This website reported last week that the controversial “partnership” between Denel and the Gupta empire – notorious for being cronies of President Jacob Zuma – should be probed by the Public Protector.
At the time labour movement Solidarity wrote to Public Protector adv. Thuli Madonsela asking that the transaction between the Guptas and Denel be investigated as it could hold negative consequences for the future of the company and its employees. No the official opposition, the Democratic Alliance (DA) has also asked the South Africa Treasury to reject the deal.
The DA say the deal between the Guptas and Denel “is likely in contravention of the Public Finance Management Act (PFMA). Failing which the DA will request Parliament to summon Treasury to explain how this deal was allowed to go ahead despite it being born of a fatal error in due process. In so doing, Treasury must satisfy Parliament that the deal, in addition to following due process, was competitive and void of undue political considerations”.
Meanwhile the Business Day newspaper reports that the Gupta owned company, VR Laser, has partnered with Denel with the primary task of selling Denel assets in the Eastern market. VR laser has no presence in the Eastern market and they supply components for armour plate and armoured vehicle hulls, but their main focus is on steel cutting and processing.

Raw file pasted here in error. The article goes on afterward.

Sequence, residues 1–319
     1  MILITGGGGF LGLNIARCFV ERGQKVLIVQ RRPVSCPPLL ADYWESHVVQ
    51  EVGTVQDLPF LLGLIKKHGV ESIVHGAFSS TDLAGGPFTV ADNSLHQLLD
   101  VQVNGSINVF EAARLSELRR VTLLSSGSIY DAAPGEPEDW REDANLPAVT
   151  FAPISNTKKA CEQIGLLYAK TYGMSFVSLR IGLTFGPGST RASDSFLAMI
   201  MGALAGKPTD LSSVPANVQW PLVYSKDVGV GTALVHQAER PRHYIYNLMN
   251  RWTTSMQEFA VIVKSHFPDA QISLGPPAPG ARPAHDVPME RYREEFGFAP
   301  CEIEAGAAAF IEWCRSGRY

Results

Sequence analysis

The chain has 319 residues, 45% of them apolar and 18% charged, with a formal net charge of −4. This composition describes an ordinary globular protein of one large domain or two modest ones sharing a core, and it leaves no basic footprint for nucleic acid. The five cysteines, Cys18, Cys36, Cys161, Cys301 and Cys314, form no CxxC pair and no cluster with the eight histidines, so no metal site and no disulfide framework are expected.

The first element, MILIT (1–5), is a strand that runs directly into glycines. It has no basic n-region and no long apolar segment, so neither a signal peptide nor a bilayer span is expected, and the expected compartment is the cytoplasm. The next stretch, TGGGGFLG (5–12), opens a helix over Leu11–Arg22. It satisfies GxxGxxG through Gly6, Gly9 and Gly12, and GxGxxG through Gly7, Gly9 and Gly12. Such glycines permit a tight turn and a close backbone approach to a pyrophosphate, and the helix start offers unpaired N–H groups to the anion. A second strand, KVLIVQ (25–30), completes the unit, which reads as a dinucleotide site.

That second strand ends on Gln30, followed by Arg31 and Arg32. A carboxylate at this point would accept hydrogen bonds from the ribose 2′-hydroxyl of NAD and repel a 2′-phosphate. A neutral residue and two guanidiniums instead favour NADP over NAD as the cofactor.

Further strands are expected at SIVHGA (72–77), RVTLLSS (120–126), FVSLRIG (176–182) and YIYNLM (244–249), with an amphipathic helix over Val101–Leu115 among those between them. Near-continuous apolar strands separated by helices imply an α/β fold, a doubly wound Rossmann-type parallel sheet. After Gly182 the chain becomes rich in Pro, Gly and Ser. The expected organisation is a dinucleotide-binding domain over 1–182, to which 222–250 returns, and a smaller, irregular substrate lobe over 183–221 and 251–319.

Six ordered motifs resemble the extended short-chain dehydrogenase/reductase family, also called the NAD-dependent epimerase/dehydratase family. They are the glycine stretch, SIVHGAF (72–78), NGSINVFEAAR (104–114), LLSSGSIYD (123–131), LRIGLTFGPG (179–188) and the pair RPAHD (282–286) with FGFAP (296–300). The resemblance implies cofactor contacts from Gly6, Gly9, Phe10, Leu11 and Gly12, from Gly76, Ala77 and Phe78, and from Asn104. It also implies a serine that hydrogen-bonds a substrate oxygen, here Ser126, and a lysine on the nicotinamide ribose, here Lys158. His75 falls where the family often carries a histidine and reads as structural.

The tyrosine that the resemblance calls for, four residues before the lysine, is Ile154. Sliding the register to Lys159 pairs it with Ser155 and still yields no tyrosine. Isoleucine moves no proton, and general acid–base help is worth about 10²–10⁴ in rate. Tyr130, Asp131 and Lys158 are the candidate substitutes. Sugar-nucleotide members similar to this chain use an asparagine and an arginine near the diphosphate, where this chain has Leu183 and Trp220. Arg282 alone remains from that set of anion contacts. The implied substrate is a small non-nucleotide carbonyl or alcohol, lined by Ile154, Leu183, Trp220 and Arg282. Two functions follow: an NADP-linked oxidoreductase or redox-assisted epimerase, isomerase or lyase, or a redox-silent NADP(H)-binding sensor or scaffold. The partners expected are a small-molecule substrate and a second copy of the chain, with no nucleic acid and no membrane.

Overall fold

The DA says VR Laser is not a good strategic fit for Denel other than being Gupta-linked. The big question on everybody’s minds is why should the Guptas be the primary beneficiaries of this deal.
According to the Shadow Minister of Public Enterprises, Natasha Mazzone, this deal has allegedly not been approved by Minister Brown or the Minister of Finance, Pravin Gordhan as is required by the PFMA with the application still being reviewed and processed. Denel still require a section 54 of the PFMA, that to be signed needs off by the Department and the Treasury, with a cost-benefit analysis and due diligence to be provided.
“The politicisation of state entities by deployment of cadres has become a growing trend that afflicts our State-Owned Entities (SOE) which only further serves to compound the financial pressures experienced by these sectors for self-interest.
“This news comes on the back of the Optimum mine controversy, where the Guptas have been involved in snapping up of coal mines on the cheap through assistance from the government. The Gupta involvement was not mentioned at the announcement and the venture was concluded in the absence of Denel’s permanent Chief Executive, Chief Financial Officer and company secretary, all three of whom are on suspension. There is a strong suspicion that they were removed to clear the path for this deal,” says Mazzone.
It also appears as if the Denel board acted outside their authority by announcing this deal prior to approval.